Ghostbusters: Afterlife was inspired by a proton pack dream, says director

Ghostbusters, which seems to have appeared out of nothing, has been the most prized Star Wars franchise. The original Ghostbusters was a quirky sci-fi comedy created by Dan Aykroyd. Now it is a second rail of genre cinemamaking. Between the years Ghostbusters 2And the Paul Feig reboot for 2016 Ghostbusters Answer the CallNumerous attempts have been made to revive this universe. All that waiting may be why there is no answer. Answer the call and this month’s Ghostbusters: AfterlifeIt seems so complicated. The audience expects something from these films, but it’s a little bit mysterious as to exactly what. Too much nostalgia. Too much nostalgia. Irreverence. In 1984, the original movie was an instant hit. It might not be easy to replicate that film in franchise filmmaking.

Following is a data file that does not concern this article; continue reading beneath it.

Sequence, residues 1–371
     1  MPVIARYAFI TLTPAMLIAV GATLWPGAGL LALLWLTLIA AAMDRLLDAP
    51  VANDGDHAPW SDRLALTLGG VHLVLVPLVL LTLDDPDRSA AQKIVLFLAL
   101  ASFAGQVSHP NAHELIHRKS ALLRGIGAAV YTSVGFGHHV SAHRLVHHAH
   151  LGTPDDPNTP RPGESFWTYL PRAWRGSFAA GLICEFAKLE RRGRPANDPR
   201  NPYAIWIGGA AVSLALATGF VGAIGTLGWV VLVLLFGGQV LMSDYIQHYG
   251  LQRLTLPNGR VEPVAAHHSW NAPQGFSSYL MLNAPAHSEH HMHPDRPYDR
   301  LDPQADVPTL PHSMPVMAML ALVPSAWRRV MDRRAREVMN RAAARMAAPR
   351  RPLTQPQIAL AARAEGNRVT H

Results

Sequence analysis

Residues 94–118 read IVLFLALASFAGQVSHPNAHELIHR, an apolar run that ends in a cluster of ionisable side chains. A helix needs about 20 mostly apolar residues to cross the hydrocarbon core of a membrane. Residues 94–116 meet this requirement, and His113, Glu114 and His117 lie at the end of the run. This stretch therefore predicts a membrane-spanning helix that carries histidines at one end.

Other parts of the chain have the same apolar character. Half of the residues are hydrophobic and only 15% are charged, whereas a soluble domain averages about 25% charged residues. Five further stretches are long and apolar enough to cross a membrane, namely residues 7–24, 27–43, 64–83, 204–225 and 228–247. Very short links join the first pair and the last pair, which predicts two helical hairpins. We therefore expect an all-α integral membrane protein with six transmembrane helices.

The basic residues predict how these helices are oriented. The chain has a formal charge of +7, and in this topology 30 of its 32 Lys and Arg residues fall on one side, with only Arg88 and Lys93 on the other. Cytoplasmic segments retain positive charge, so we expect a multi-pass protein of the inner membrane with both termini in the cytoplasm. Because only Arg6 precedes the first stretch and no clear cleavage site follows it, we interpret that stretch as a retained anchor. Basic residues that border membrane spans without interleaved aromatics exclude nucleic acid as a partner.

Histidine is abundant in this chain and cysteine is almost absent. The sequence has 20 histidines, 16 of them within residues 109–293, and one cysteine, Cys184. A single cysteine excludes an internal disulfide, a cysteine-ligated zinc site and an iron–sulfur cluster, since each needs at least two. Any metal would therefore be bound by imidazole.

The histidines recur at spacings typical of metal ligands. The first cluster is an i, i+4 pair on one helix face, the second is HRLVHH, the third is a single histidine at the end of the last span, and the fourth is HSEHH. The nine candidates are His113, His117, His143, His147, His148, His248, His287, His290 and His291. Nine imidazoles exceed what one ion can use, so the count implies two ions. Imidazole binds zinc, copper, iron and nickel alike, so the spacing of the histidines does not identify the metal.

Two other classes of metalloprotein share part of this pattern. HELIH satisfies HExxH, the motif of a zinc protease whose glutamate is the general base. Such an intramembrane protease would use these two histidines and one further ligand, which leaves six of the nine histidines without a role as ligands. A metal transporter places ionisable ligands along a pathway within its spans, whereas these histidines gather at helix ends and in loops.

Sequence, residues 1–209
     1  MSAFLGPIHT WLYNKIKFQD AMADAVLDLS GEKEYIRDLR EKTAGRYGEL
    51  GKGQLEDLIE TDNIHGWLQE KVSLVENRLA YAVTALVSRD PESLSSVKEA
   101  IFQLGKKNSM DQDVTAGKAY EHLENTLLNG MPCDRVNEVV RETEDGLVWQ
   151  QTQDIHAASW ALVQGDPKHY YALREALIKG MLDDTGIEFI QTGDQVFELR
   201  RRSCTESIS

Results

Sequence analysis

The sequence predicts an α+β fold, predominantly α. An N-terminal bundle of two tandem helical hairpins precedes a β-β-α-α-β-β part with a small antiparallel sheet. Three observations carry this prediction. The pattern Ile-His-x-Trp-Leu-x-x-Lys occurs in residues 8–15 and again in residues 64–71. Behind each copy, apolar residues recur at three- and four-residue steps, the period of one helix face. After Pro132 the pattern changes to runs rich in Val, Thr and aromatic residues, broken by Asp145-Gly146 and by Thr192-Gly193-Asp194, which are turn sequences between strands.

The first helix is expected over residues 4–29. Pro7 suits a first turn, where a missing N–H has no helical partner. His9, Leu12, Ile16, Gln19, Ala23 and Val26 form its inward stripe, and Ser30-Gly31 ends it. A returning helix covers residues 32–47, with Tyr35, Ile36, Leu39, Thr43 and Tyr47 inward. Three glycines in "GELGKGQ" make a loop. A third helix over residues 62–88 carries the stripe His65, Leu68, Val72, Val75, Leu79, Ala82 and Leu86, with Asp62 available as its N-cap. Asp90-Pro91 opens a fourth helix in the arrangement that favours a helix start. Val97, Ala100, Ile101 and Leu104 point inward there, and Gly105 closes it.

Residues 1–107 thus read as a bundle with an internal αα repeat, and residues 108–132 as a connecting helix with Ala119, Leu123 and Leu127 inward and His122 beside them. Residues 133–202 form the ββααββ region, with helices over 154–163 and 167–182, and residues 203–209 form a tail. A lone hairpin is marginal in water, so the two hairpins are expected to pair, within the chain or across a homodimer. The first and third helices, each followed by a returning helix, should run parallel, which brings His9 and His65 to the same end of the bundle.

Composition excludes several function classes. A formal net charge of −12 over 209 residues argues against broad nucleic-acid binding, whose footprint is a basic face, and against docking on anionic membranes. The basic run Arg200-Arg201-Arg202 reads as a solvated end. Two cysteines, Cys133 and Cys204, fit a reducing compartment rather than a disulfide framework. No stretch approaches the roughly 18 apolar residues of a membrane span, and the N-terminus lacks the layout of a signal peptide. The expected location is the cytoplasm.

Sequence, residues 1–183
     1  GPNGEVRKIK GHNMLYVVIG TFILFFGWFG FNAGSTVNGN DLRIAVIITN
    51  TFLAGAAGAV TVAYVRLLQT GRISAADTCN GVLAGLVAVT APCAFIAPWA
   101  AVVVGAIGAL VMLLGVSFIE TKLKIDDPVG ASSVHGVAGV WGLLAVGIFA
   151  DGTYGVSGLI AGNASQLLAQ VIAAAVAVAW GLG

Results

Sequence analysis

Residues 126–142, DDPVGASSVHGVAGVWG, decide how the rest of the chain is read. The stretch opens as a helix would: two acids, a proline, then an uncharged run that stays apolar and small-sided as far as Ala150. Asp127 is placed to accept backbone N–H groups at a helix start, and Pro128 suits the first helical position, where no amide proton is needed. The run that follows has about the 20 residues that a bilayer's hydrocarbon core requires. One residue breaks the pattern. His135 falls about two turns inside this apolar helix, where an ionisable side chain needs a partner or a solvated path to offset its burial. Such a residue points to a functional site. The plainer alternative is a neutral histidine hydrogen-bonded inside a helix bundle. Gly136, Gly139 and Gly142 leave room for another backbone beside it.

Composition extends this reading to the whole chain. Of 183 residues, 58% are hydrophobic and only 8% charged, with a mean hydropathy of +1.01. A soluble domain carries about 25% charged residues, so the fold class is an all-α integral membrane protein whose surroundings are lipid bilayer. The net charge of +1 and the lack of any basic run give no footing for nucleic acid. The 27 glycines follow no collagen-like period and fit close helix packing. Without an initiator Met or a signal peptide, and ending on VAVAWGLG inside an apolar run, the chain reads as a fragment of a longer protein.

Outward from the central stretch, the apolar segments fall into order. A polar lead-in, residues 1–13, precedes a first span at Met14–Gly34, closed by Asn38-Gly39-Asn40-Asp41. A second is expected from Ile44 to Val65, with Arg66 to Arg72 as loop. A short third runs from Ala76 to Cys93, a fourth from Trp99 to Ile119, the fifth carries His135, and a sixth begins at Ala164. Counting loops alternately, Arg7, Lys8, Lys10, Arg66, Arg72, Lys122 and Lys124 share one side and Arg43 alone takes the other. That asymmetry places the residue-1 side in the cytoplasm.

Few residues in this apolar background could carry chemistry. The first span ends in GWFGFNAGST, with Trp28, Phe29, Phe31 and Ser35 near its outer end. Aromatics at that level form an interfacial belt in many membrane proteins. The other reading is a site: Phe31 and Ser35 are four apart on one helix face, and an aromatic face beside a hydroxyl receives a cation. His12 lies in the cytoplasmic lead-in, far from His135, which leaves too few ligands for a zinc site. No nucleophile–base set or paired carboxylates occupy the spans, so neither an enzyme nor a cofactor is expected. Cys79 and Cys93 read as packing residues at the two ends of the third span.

Jason Reitman (son of Ivan the original Ghostbusters Director) took up the challenge of rebooting and maintaining the Ghostbusters mythology despite all the obstacles. Afterlife. Reitman spoke with me the day after the film’s first screening at New York Comic-Con. Reitman seemed upbeat at that time, and he was soaking in the success of that exhibition. But now, the film faces wider audiences who might be more skeptical of the path he’s chosen. As we talked, we also discussed his reasons for choosing that path and how his Ghostbusters kids came together. We also spoke about his views on Bill Murray’s direction.

[Ed. note: This conversation has been edited for clarity.]